Ball Family History

A Story Debunked

Posted by: Karen M. Vincent on Thursday, January 30, 2014 at 4:00:00 pm


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For almost 25 years, Minnetrista staff told visitors a passed-down story about the Dr. Lucius L. Ball family home. The story goes that Lucius didn’t build his family’s home but, instead, purchased an existing farmhouse that faced Wheeling Pike (now Wheeling Avenue) and, around 1910, rotated it 180 degrees in order for it to face the river like the rest of the homes. Turns out, the story isn’t entirely true.

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A Weird and Wonderful Governorís Home

Posted by: Karen M. Vincent on Monday, December 30, 2013 at 5:00:00 pm

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They’re all around us—Ball fruit jars are used for just about everything these days. In the last few years, I’ve seen Ball jars used as light fixtures, flower vases, wedding décor, hand lotion containers, luminaries and, sometimes, for canning.

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Oakhurst Becomes Winter Wonderland

Posted by: Karen M. Vincent on Wednesday, November 27, 2013 at 3:00:00 pm

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Planning for the first Enchanted Gardens: A Luminaria Walk at Oakhurst Gardens began right after the George A. Ball home and Oakhurst Gardens opened to the public in May 1995.

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Was He or Was He Not a Kentucky Colonel?

Posted by: Karen M. Vincent on Thursday, October 31, 2013 at 3:30:00 pm

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The headline in the newspaper article said that he was set to “take part in all-male review,” but did he? According to the preview article, George A. Ball was to be one of eighty Muncie businessmen to play a Kentucky Colonel in “The Dream of a Clown” at the Masonic Temple auditorium on October 20 and 21, 1943. 

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A Murder at Ball Brothers Company

Posted by: Karen M. Vincent on Thursday, September 26, 2013 at 5:00:00 pm

Recently, some early twentieth century Muncie-related correspondence and Muncie newspapers were donated to the Minnetrista Heritage Collection. As I quickly skimmed through the newspapers, the headline “Workman Slain in Cold Blood” from The Muncie Evening Press of Thursday, December 23, 1920, screamed at me.

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There Wasnít a Chief Munsee. Really, There Wasnít.

Posted by: Karen M. Vincent on Thursday, August 22, 2013 at 5:00:00 pm

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Let’s bust a few myths. The guy on the horse at the point of Granville and Walnut Avenues isn’t the non-existent Chief Munsee, the Indian depicted in the statue didn’t live in these parts, and the city of Muncie isn’t named for that same non-existent chief. So who is he, what is that statue doing here, and why was Muncie named “Muncie?”

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How to Date a Ball Jar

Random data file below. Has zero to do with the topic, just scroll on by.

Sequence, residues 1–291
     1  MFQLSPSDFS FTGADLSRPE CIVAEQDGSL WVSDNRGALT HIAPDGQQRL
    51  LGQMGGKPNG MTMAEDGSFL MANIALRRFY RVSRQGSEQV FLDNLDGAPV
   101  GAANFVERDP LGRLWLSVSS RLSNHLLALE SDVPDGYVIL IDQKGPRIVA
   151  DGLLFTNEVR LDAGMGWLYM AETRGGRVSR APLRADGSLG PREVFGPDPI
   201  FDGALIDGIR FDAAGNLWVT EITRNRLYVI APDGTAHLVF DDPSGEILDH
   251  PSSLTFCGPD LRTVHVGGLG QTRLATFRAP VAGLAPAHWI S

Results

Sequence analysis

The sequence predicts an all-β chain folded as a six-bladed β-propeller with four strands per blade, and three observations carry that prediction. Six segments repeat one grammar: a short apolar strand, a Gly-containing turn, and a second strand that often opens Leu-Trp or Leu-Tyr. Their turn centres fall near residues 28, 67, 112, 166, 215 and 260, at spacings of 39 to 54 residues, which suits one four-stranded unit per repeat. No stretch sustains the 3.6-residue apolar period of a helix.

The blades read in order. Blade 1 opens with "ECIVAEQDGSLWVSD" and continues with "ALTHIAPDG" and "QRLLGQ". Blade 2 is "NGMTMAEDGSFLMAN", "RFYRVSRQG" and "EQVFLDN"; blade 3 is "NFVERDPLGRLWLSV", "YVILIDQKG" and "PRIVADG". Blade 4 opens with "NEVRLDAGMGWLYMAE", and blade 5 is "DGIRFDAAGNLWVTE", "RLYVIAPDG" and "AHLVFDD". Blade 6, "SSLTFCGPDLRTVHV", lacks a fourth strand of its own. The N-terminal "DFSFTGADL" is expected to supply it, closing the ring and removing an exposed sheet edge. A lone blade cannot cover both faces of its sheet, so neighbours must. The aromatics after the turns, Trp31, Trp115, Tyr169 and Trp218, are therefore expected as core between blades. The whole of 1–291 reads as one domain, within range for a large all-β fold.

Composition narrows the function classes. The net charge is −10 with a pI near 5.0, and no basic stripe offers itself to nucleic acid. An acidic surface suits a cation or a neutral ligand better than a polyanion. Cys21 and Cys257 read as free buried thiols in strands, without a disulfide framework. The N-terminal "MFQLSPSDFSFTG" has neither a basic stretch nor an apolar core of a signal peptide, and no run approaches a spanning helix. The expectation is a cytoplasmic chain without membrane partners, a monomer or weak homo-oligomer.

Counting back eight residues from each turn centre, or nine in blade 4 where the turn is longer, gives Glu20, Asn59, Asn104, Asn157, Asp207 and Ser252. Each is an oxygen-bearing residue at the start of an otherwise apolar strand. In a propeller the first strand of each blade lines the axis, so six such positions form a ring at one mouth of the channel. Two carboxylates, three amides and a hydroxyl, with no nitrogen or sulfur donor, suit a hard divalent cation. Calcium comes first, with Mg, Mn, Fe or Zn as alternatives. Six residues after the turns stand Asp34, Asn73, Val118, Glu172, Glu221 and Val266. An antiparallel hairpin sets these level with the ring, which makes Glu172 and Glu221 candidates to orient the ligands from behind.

Posted by: Karen M. Vincent on Thursday, June 27, 2013 at 5:00:00 pm


No, not at a movie on Saturday night. Not that kind of date. Instead, I mean how do you tell how old your Ball jar is?

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The Wives

Posted by: Karen M. Vincent on Thursday, May 23, 2013 at 5:00:00 pm

Earlier, I introduced the Ball brothers, their parents, and their sisters. This month, we’ll meet the wives.

William was the first brother to marry. His bride, Emma Wood, was born in Massachusetts, graduated from Concord Ladies Seminary, and then moved to Buffalo, New York, where she met William. In Muncie, she was active with the county humane society and the Daughters of the American Revolution. Her obituary noted that “She was one of those kindly, generous people who derived their chief satisfaction in helping others….”

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The Ball Brothers Go into Business

Posted by: Karen M. Vincent on Thursday, April 25, 2013 at 9:00:00 am

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As the five Ball brothers – Lucius L., William C., Edmund B., Frank C., and George A. – grew to adulthood in Canandaigua, New York, their uncle George Harvey Ball watched for business opportunities in nearby Buffalo. Uncle George, brother of Lucius Styles Ball, was a pastor of a Baptist church in Buffalo. In 1878, the first venture that he recommended was making wooden containers to pack fish in. Frank and Edmund were the principles in this endeavor. This venture ended when their entire product was destroyed in a fire. The brothers returned to Canandaigua...

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Before there were Ball jars there were five Ball brothers

Posted by: Karen Vincent on Thursday, March 28, 2013 at 9:00:00 am

If it wasn’t for the Ball fruit jar, Minnetrista wouldn’t exist. That humble jar, so important to food preservation, generated an industry that put Muncie on the map and provided the Ball family with the wherewithal to give back to their community, particularly in the form of Ball Memorial Hospital, Ball State University and, later, Minnetrista...

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